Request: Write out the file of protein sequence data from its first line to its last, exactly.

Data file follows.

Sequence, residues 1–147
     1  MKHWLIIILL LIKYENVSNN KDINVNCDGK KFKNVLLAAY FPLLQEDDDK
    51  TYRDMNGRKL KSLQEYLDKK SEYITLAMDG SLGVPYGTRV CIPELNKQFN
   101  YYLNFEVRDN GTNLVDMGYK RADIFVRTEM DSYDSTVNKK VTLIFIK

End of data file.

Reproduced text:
Sequence, residues 1–147
     1  MKHWLIIILL LIKYENVSNN KDINVNCDGK KFKNVLLAAY FPLLQEDDDK
    51  TYRDMNGRKL KSLQEYLDKK SEYITLAMDG SLGVPYGTRV CIPELNKQFN
   101  YYLNFEVRDN GTNLVDMGYK RADIFVRTEM DSYDSTVNKK VTLIFIK